Monday, 19 November 2012
First thoughts on the proposed new costs regime for Personal Injury cases
The proposals are all focussed on costs for Claimant personal injury lawyers, that is that vanguard of lawyers who act to help clients claim compensation when they have been injured through no fault of their own.
There has been considerable speculation about just what would be done to the costs of road traffic accident claims through the portal. These are currently £400 for stage 1 costs plus £800 for stage 2 costs, a total of £1,200. For claims under £10,000, some were suggesting £800 or even £600. The actual proposal from the Ministry of Justice is in the end £500. That’s a more than 50% reduction on the current amount. Feed that into your business plan.
The portal is due to be expanded in two dimensions. The vertical extension takes the upper ceiling to £25,000 and the total costs up to stage 2 for a case of that size is according to the Ministry going to be £800. That’s right. For dealing with a claim of £25,000 the Ministry thinks that a lawyer should recover base costs totalling £800 from the Defendant.
On the face of it, the lawyer could charge lets say a 100% success fee to their client and recover an additional £800 for costs. It is not clear at the moment whether the market would stand this sort of thing. There is clearly now a long tradition of offering clients a 100% guarantee concerning their compensation and clients, or consumers as we are now expected to call them, may come to demand this. But in this regime, it maybe that lawyers have to do what they can to stand up for themselves.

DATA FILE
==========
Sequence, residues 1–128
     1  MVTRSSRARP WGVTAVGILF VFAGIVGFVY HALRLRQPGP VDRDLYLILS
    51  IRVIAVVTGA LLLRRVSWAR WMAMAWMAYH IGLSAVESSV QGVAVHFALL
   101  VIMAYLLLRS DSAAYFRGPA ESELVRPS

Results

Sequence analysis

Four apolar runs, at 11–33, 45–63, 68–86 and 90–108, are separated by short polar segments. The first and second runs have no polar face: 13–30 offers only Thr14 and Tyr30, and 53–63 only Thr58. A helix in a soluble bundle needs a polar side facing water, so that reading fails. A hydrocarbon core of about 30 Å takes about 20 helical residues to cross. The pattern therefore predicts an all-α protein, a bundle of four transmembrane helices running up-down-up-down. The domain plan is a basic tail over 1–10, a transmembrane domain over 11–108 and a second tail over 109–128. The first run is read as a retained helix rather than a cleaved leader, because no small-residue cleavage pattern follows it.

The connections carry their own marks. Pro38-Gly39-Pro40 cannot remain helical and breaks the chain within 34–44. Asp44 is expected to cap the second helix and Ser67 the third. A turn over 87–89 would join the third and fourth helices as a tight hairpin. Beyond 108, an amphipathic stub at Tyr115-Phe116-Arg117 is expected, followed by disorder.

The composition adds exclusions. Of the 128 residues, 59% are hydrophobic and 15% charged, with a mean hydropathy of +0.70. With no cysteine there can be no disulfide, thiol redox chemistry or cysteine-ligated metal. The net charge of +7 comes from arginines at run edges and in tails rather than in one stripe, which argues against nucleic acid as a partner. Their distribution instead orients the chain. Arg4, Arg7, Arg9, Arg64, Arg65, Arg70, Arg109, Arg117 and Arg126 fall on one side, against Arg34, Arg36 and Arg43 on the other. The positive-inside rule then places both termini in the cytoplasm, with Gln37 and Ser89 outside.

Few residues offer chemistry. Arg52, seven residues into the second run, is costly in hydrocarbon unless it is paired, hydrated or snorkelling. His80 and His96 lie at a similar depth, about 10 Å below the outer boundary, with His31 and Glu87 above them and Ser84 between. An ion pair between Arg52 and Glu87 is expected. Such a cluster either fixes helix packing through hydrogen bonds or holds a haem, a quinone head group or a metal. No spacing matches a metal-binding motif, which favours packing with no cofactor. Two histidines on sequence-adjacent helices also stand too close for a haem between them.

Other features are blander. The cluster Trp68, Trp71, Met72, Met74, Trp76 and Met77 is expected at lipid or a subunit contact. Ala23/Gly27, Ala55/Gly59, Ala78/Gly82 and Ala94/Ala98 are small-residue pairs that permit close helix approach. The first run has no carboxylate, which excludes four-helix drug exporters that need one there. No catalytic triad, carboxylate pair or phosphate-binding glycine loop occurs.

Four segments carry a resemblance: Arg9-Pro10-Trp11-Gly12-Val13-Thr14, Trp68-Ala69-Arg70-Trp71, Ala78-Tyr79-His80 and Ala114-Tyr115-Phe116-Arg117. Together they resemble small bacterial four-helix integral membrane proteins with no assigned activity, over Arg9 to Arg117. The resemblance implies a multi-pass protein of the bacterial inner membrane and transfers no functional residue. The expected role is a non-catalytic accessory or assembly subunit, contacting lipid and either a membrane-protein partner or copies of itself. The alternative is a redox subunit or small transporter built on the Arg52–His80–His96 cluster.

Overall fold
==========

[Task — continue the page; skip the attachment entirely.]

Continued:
It is also the government’s intention that employment and public liability claims are to be pursued through the portal. There have been misgivings about this both by Professor Fenn, who wondered whether in fact this was worthwhile as it would appear many of these sorts of cases would fall out of the portal, and by a representative from the portal company itself who appeared unsure it would be ready in time for the government’s deadline of 1st April 2013.
That said, the costs the government is suggesting for these sorts of cases for both stage 1 and stage 2 an eye watering £900 for cases less than £10,000 and £1,600 for cases between £10,000 and £25,000. Claimant lawyers who are familiar with this sort of work will, quite simply, be stunned at the suggestion that they will only be able to recover £1,600 for a £25,000 employment liability claim even if liability is admitted early as it would have to be for a case to remain in the portal to the end.
These figures will I suggest have very important implications for firms carrying out this line of work.
It is still not clear even at this advanced stage how exactly a portal for EL and PL claims would work. The RTA portal works because there is a big database of available information linking defendants directly to their insurers. If you know a vehicle’s registration number you can look up the insurer on the MIDIS database and lodge a claim through the portal against that insurer.
There is no similar database that can so easily link defendants in EL and PL claims directly to their insurer. Just knowing who a defendant employer is does not immediately suggest who its insurer might be. Even if the portal is set up to deal with EL and PL claims it would appear that as a claimant solicitor I would still need to write (in a very old fashioned pre-internet manner) to the defendant company to make polite enquiries as to who their insurer is and then lodge it on the portal. If I’m going to do that, wouldn’t it be quicker simply to write a good old letter of claim to them to pass to their insurers as we do now?
In the absence of a MIDIS style database this would seem to be the only way to do this. I would be very glad to hear from anyone who knows what exactly is involved with this.